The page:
Atlas Shrugged Part 2, Chapter 1 Summary

Ayn Rand

Part 2, Chapter 1 Summary

Dr. Robert Stadler of the State Science Institute is irate at the publication of a book by the Institute promoting the derivative theory that reasoned thought is nonexistent but is simply the result of chemical interchanges in the brain. Following Ellis Wyatt’s destruction of his oil fields, an oil shortage grips the nation. Fewer people drive cars, and Dagny Taggart is forced to cut back on train operations. Many companies go out of business entirely. The government steps in and imposes oil rationing, which forces a return to coal as the major source of energy. Taggart Transcontinental has only one train left that uses oil; the rest run on coal. The heads of industry begin to disappear, voluntarily quitting their positions and vanishing from the sight of the public and their families. Somehow, James Taggart convinces Washington to grant him subsidies to stay in business; in fact, the company’s profits begin to soar.

Having failed to locate the inventor of the motor, Dagny tries to find someone who can make it work. Each scientist she approaches states that it is impossible—it should not be attempted because succeeding would damage the self-esteem of other scientists. She meets with Dr. Stadler, who is interested but does not know anyone capable of replicating the motor. He does remember one person, Quentin Daniels, who had turned down a position with the State Science Institute. He urges Dagny to contact Daniels.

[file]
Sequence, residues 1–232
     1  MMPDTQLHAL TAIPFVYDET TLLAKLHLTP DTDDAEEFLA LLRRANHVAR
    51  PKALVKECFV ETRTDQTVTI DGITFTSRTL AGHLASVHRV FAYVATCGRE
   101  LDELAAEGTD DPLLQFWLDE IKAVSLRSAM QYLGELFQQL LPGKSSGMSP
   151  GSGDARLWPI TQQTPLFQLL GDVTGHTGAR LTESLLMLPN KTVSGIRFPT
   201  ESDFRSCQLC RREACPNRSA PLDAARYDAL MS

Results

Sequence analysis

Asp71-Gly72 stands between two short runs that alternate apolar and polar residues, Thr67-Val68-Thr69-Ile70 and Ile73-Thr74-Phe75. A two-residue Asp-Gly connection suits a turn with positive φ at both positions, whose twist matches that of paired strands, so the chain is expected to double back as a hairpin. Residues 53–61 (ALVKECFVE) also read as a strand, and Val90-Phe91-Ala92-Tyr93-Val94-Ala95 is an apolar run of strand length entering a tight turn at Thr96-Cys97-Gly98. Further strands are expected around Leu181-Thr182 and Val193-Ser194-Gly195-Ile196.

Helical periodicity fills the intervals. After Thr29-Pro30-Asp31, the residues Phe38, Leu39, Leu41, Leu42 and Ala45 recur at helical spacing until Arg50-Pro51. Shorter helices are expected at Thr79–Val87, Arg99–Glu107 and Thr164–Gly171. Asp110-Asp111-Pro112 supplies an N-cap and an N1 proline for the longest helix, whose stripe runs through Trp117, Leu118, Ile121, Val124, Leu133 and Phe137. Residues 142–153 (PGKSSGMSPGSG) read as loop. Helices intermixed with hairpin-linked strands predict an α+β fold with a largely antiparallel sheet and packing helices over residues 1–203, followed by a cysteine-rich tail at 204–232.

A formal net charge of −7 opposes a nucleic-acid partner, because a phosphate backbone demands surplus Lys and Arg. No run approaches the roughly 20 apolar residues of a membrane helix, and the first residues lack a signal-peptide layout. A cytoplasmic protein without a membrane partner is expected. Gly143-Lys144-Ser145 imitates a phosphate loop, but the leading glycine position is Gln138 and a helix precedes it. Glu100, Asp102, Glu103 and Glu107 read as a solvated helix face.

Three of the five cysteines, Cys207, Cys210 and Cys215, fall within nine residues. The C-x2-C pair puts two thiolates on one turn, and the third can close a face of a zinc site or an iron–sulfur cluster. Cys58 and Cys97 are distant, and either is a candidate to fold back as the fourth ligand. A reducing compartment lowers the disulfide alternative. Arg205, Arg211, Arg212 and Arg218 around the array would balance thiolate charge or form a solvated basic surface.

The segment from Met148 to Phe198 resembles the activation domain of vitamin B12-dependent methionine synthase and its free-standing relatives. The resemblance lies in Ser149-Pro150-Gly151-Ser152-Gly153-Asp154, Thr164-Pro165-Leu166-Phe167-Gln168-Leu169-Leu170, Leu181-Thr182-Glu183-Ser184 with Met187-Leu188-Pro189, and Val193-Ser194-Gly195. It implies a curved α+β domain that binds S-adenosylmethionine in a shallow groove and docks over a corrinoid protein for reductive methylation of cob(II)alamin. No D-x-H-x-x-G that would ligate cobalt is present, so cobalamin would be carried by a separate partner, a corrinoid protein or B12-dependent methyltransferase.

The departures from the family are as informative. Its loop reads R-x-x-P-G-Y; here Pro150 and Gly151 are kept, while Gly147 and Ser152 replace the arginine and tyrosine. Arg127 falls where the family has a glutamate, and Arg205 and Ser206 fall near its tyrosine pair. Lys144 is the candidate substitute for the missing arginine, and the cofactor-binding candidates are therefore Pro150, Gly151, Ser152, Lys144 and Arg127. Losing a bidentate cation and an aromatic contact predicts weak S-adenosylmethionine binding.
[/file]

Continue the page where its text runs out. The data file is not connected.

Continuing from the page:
A government official visits Rearden and orders him to provide Rearden Metal equally to all who need it, according to the Fair Share Law. Rearden considers the man a looter and refuses, especially because there is not enough metal to go around, which has resulted in people’s illegally acquiring it by buying others’ shares. The State Science Institute orders the metal for a mysterious Project X but refuses to reveal what the project actually is. Suspicious, Rearden refuses on the grounds that he believes they are building something that will result in his own destruction, and no society requires a person to build the weapons that will be used to murder him.

Rearden has lost interest in sex with Dagny, but he buys her an outrageously expensive ruby necklace that he wants her to wear exclusively for him. She says he rose in her estimation the moment she knew he lusted after her. When Rearden’s estimation of his own self returns, so does his desire for Dagny.